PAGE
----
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William Frantz Public School

A Story of Race, Resistance, Resiliency, and Recovery in New Orleans


Connie L. Schaffer, Meg White and Martha Graham Viator

Why should you care about what happened to William Frantz Public School? Yes, Ruby Bridges entered the iconic doors of William Frantz in 1960, but the building’s unique role in New Orleans school desegregation is only one part of the important history of this school. Many additional and equally important stories have unfolded within its walls and the neighborhoods surrounding it. These stories matter.

It matters that society has historically marginalized Black students and continues to do so. It matters that attempts to dismantle systemic racism in schools and other institutions still face strong resistance, and these issues continue to deeply divide the United States. It matters that the building remains standing as an indomitable symbol of the resiliency of public education despite decades of waning support, misguided accountability, and a city devasted by Hurricane Katrina. It matters that opportunism, under the guise of recovery, reshaped public education in New Orleans.

William Frantz Public School: A Story of Race, Resistance, Resiliency, and Recovery in New Orleans provides more than an examination of education in one school and one city. It recounts a story that matters to anyone who cares about public education.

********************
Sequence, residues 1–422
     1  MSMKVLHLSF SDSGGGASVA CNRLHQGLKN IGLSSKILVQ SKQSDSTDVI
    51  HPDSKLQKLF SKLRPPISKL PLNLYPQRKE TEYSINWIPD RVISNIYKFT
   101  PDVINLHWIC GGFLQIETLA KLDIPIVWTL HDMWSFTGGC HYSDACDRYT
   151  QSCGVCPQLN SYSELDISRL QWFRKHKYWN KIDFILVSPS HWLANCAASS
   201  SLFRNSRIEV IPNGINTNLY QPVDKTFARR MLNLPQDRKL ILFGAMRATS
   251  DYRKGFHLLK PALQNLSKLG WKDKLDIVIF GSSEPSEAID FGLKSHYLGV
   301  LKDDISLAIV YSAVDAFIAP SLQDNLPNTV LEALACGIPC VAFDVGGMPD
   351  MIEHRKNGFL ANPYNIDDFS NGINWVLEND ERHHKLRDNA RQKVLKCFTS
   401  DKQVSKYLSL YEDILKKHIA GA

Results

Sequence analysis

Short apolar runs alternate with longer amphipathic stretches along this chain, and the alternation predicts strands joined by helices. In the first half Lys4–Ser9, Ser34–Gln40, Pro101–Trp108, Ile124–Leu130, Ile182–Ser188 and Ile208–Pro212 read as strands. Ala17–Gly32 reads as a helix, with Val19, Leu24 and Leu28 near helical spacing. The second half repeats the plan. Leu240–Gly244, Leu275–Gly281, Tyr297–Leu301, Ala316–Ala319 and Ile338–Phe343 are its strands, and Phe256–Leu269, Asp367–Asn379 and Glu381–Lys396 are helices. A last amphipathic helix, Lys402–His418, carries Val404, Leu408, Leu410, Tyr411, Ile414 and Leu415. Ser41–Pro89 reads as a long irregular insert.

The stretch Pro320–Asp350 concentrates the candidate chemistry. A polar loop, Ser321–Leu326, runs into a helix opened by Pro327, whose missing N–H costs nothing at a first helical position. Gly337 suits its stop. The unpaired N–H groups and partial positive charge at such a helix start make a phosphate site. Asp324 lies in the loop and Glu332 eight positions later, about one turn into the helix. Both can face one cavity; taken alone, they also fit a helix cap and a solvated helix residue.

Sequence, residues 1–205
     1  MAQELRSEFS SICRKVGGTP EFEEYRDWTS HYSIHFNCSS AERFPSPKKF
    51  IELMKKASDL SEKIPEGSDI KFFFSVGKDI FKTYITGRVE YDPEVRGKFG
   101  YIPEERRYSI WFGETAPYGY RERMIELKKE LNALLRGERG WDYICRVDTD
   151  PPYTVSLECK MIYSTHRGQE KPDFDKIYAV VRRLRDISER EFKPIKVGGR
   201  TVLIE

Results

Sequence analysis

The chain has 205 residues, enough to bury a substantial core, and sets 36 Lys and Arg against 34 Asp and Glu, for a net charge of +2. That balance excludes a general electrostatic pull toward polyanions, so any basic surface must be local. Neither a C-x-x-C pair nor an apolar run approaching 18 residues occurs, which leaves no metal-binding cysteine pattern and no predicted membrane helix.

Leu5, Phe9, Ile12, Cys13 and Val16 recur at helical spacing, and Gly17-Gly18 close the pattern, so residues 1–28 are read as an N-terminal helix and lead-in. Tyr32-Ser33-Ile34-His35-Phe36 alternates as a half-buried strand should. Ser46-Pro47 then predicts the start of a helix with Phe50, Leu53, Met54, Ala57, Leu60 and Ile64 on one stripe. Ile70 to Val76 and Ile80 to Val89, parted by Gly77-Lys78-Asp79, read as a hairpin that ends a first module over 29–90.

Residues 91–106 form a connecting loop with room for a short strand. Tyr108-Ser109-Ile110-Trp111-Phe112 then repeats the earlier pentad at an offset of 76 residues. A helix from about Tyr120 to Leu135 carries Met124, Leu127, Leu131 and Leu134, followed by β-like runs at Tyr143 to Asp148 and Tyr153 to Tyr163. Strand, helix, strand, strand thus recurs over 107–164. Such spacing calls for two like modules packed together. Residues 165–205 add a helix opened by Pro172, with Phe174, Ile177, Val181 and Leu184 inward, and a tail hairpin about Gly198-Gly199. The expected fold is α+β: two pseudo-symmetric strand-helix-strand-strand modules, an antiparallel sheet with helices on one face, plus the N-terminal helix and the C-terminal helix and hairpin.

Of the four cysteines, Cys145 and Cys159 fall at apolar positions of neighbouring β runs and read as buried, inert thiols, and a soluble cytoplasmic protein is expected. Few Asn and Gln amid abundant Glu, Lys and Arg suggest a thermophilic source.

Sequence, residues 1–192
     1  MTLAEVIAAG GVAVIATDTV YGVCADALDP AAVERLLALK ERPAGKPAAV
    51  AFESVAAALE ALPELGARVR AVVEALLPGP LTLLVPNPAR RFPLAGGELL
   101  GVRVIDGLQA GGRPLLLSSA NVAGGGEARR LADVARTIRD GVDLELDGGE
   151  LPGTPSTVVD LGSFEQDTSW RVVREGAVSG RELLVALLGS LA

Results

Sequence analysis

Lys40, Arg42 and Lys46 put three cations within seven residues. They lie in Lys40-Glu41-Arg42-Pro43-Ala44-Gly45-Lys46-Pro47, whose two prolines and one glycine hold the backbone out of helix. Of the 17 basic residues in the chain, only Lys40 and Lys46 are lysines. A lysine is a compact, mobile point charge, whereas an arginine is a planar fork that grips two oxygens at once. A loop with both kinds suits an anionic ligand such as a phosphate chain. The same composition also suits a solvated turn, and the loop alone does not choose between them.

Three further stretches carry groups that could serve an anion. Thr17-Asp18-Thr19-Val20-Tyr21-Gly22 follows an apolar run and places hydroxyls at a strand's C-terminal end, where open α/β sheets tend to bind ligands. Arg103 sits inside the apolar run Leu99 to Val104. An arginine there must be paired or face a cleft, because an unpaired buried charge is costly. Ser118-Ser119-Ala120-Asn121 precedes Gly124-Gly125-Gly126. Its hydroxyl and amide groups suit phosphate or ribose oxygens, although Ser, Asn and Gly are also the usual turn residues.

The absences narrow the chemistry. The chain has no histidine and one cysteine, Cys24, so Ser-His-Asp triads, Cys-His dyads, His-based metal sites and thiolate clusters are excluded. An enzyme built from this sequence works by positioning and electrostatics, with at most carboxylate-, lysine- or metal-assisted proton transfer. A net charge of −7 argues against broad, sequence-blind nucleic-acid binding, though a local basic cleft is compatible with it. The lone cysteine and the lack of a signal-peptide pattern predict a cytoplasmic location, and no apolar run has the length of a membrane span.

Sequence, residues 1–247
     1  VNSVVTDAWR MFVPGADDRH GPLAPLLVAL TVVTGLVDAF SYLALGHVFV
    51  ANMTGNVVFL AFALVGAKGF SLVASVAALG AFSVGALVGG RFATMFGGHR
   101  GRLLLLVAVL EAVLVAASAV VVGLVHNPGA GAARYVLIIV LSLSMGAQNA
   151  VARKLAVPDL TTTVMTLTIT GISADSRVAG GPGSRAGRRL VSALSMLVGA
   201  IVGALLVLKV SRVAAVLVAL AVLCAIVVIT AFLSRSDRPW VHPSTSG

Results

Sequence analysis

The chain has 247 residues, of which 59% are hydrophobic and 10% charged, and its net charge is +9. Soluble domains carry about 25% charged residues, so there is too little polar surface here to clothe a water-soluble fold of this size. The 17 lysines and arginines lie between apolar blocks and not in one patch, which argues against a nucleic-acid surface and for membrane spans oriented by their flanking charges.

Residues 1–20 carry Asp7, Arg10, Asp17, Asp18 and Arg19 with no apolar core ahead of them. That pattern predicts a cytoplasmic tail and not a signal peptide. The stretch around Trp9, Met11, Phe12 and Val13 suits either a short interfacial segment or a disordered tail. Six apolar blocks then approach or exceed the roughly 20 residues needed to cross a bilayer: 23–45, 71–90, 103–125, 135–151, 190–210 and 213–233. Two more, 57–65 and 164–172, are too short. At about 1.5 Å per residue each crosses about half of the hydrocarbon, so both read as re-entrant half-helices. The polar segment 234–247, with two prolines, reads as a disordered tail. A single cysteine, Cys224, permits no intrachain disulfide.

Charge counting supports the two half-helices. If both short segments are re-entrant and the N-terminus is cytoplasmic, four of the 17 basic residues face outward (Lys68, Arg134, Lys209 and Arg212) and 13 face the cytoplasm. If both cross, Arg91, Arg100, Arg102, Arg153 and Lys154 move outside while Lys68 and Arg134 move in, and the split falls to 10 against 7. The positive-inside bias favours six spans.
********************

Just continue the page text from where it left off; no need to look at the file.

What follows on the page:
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William Frantz Public School: A Story of Race, Resistance, Resiliency, and Recovery tells a complex story. We started out writing this book because we wanted to tell readers what happened to William Frantz Public School in the decades following its desegregation in 1960. As we learned more about the school, we found common threads that drew disparate events together and created a multi-faceted story. The story could not be told without centering the narrative on race and the never-ending resistance to any effort that might end years of de jure and de facto segregation. The resiliency of those the system oppressed—the poor students, Black students, and at times demoralized educators of William Frantz Public School—is equally important as is the so-called recovery of public education in the post-Katrina era.

You may not know the name of the school, but you are likely to recognize photographs of the building that were taken in 1960. Those pictures show a Black 6-year-old girl and four U.S. Federal Marshals walking into the school. The first-grade student entering the school was Ruby Bridges, and while she is a prominent figure in this story, Bridges is not the central character. This book is about events spanning the history of William Frantz Public School. If the walls of this elementary school could talk, they would retell the well-known story of its desegregation in 1960. They would also recount lesser-known, yet important stories, that provide further examination of public education in New...

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